Death of William II aka Rufus
William II, nicknamed Rufus because of his red hair, was a son of William the Conqueror and became King of England after his father’s death in 1087. The chief event of his reign was his disastrous naming of Anselm of Bec as his Archbishop of Canterbury. Anselm was a man of integrity, interested in reforming the church and opposing royal meddling; he soon quarrelled with Rufus and went into exile. Anselm became a saint and Rufus died a strange and somewhat ironic death, recounted here by Chambers with particular reference to forest law. The Normans after their 1066 conquest of England fenced off huge tracts of the countryside and dedicated them to royal hunting. A whole set of laws was dedicated to policing these territories and punishing any commoner who entered.
Few Englishmen of the nineteenth century can realize a correct idea of the miseries endured by their forefathers, from the game-laws, under despotic princes. Constant encroachments upon private property, cruel punishments—such as tearing out the offender’s eyes, or mutilating his limbs—inflicted for the infraction of forest law; extravagant payments in the shape of heavy tolls levied by the rangers on all merchandise passing within the purlieus of a royal chase; frequent and arbitrary changes of boundary, in order to bring offences within the forest jurisdiction, were only a portion of the evils submitted to by the victims of feudal tyranny. No dogs, however valuable or dear to their owners—except mastiffs for household defence —were allowed to exist within miles of the outskirts, and even the poor watch-dog, by a ‘Court of Regard’ held for that special purpose every three years, was crippled by the amputation of three claws of the forefeet close to the skin—an operation, in woodland parlance, termed expeditation, intended to render impossible the chasing or otherwise incommoding the deer in their coverts.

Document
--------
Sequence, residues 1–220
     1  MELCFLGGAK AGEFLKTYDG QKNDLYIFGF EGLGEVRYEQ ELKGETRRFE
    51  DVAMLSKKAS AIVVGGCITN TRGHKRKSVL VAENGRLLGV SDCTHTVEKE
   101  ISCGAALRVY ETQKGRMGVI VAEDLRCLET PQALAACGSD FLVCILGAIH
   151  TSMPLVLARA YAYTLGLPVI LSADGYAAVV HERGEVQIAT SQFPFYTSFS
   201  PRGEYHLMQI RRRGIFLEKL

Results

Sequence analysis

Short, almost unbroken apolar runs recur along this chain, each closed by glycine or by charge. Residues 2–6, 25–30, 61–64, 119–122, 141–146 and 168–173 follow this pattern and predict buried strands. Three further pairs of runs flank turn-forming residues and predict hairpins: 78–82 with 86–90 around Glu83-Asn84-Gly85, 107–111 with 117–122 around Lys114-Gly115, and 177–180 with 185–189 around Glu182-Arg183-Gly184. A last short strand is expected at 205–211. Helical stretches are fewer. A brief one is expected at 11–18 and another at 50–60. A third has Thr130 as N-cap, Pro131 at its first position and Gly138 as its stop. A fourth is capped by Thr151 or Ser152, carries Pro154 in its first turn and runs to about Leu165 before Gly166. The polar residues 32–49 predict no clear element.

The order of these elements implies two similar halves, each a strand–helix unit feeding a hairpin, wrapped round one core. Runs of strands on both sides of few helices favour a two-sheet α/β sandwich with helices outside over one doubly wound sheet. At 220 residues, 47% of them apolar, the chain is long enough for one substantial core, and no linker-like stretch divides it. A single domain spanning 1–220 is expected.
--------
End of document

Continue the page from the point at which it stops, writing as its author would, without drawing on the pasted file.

Of all our monarchs of Norman race, none more rigorously enforced these tyrannous game-laws than William Rufus; none so remorselessly punished his English subjects for their infraction. Even the Conqueror himself, who introduced them, was more indulgent. No man of Saxon descent dared to approach the royal preserves, except at the peril of his life with the trespasser hung up to the nearest convenient tree with his own bowstring.
The poor Saxons, thus worried, adopted the impotent revenge of nicknaming Rufus ‘Wood-keeper,’ and ‘Herdsmen of wild beasts.’ Their minds, too, were possessed with a rude and not unnatural superstition, that the devil in various shapes, and under the most appalling circumstances, appeared to their persecutors when chasing the deer in these newly-formed hunting -grounds. Chance had made the English forests—the New Forest especially—fatal to no less than three descendants of their Norman invader, and the popular belief in these demon visitations received additional confirmation from each recurring catastrophe; Richard, the Conqueror’s eldest son, hunting there, was gored to death by a stag; the son of Duke Robert, and nephew of Rufus, lost his life by being dashed against a tree by his unruly horse; and we shall now shew how Rufus himself died by a hunting casualty in the same place.